|Covid-19|January 16 – Treaty of Westminster signed between Great Britain and Prussia guaranteeing the neutrality of the German province of Hanover controlled by King George II of Great Britain.
January 27 – Wolfgang Amadeus Mozart is born.
March 17 – St. Patrick's Day is celebrated in New York City for the first time (at the Crown and Thistle Tavern).
April 12 – Seven Years' War: The French invade Minorca, at this time under British control.
May 18 – Seven Years' War: The Seven Years' War formally begins when Great Britain declares war on France.
May 20 – Seven Years' War – Battle of Minorca: The British fleet under John Byng is defeated by the French under Roland-Michel Barrin de La Galissonière.
20 June – A garrison of the British Army in India is imprisoned in the Black Hole of Calcutta.
June 25 – The Marine Society is founded in London, the world's oldest seafarers' charity.
June 29 – Seven Years' War – Siege of Fort St Philip at Port Mahon: The British garrison in Minorca surrenders to the French after two months' siege by Armand de Vignerot du Plessis.
June – The Coup of 1756, an attempted coup d'état planned by Queen Louisa Ulrika of Sweden to abolish the rule of the Riksdag of the Estates and reinstate absolute monarchy in Sweden with the support of the Hovpartiet, is exposed and subdued.
July 30 – Bartolomeo Rastrelli presents the newly built Catherine Palace to Empress Elizabeth and her courtiers.
August 14 – Seven Years' War – French and Indian War: Fort Oswego falls to the French.
August 29 – Frederick II of Prussia invades Saxony, beginning the Seven Years' War on the continent.
October 1 – Seven Years' War – Battle of Lobositz: Frederick defeats an Austrian army under Marshal Maximilian Ulysses Count Browne.
October 14 – An Agreement of Friendship and Trade is signed by the Sultan Osman III and the King Frederick V. Denmark has appointed an extraordinary representative to the Ottoman Empire.
December – Seven Years' War – French and Indian War: Militias of the Royal Colony of North Carolina build a fort on the province's western frontier to protect it against natives allied with the French. The fort is named Fort Dobbs in honor of North Carolina Governor Arthur Dobbs, who persuaded the North Carolina legislature to fund the construction a year earlier.
December 14 The play Douglas is performed for the first time in Edinburgh, with overwhelming success, in spite of the opposition of the local church presbytery, who summon Alexander Carlyle to answer for having attended its representation. However, it fails in its early promise to set up a new Scottish dramatic tradition.
Frederick II of Prussia forces his country's peasants to grow the unpopular and obscure potato.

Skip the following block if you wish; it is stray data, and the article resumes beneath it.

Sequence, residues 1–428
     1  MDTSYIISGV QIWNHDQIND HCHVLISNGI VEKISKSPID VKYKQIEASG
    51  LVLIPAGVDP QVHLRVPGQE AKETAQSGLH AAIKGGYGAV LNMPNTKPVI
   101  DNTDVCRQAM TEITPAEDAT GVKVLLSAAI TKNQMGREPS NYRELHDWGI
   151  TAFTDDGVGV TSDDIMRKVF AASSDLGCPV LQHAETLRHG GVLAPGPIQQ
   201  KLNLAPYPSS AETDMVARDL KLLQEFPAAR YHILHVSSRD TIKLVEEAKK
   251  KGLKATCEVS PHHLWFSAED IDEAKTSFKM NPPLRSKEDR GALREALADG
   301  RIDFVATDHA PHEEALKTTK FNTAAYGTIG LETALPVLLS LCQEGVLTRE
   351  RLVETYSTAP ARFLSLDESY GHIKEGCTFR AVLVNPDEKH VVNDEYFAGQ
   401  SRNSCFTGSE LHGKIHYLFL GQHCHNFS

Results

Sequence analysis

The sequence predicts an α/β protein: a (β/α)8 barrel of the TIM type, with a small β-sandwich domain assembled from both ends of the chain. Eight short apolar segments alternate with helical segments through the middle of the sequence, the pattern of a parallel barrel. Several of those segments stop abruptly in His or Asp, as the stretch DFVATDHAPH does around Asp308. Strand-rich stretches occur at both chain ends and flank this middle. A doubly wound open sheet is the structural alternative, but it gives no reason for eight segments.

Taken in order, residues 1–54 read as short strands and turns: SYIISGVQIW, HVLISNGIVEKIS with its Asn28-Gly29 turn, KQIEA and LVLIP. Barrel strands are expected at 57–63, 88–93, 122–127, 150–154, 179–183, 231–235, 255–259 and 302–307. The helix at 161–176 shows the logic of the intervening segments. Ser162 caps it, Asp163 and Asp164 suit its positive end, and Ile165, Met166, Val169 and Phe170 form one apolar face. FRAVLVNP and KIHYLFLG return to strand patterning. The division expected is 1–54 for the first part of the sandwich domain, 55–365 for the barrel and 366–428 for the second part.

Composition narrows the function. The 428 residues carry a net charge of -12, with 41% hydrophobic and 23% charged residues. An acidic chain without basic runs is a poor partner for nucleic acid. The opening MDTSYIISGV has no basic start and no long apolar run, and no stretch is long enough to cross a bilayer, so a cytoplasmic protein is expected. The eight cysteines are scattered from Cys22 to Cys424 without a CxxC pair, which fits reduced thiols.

The town of Gus-Khrustalny is established in Russia with the setting up of a crystal glass factory.
First chocolate-candy factory begins operations in Germany.
Leopold Mozart publishes his book on his method for learning to play the violin, Versuch einer gründlichen Violinschule.
January 19 – Guillaume-Antoine Olivier, French entomologist (d. 1814)
January 27 – Wolfgang Amadeus Mozart, Austrian composer (d. 1791)
February 6 – Aaron Burr, 3rd Vice President of the United States (d. 1836)
March 3 – William Godwin, English writer (d. 1836)
March 4 – Sir Henry Raeburn, Scottish painter (d. 1823)
May 18 – Ignaz Aurelius Fessler, court councillor and minister to Alexander I (d. 1839)
May 27 – King Maximilian I Joseph of Bavaria (d. 1825)
May 31 – Abbé Faria, Catholic monk (d. 1819)
June 6 – John Trumbull, American painter (d. 1843)
June 20 – Joseph Martin Kraus, German-Swedish composer (d. 1792)
July 7 – Gustaf Adolf Reuterholm, Swedish statesman (d. 1813)
July 31 – Dheeran Chinnamalai, Tamil king (d. 1805)
August 1 – Pierre Louis Prieur, French politician (d. 1827)
August 29 – Heinrich Graf von Bellegarde, Austrian field marshal and statesman (d. 1845)
September 7 – Willem Bilderdijk, Dutch author (d. 1831)
September 23 – John Loudon McAdam, Scottish engineer and road-builder (d. 1836)
October 21 – Philippine Engelhard, German writer and scholar (d. 1831)
October 28 – ALF, fictional alien
November 3 – Pierre Laromiguière, French philosopher (d. 1837)
January 18 – Francis George of Schönborn-Buchheim (b. 1682)
February 25 – Eliza Haywood, English actress and writer (b. 1693)
April 10 – Giacomo Antonio Perti, Italian composer (b. 1661)
April 18 – Jacques Cassini, French astronomer (b. 1677)
July 24 – George Vertue, English engraver and antiquary (b. 1684)
October 26 – Roland-Michel Barrin de La Galissonière, governor of New France (b. 1693)
October 28 – Charles Somerset, 4th Duke of Beaufort (b. 1709)
December 8 – William Stanhope, 1st Earl of Harrington, English statesman and diplomat (b. c. 1690)
date unknown – Bernard Accama, Dutch painter (b. 1697)
1756 (MDCCLVI) was a leap year starting on Thursday (dominical letter DC) of the Gregorian calendar and a leap year starting on Monday (dominical letter GF) of the Julian calendar, the 1756th year of the Common Era (CE) and Anno Domini (AD) designations, the 756th year of the 2nd millennium, the 56th year of the 18th century, and the 7th year of the 1750s decade. As of the start of 1756, the Gregorian calendar was 11 days ahead of the Julian calendar, which remained in localized use until 1923.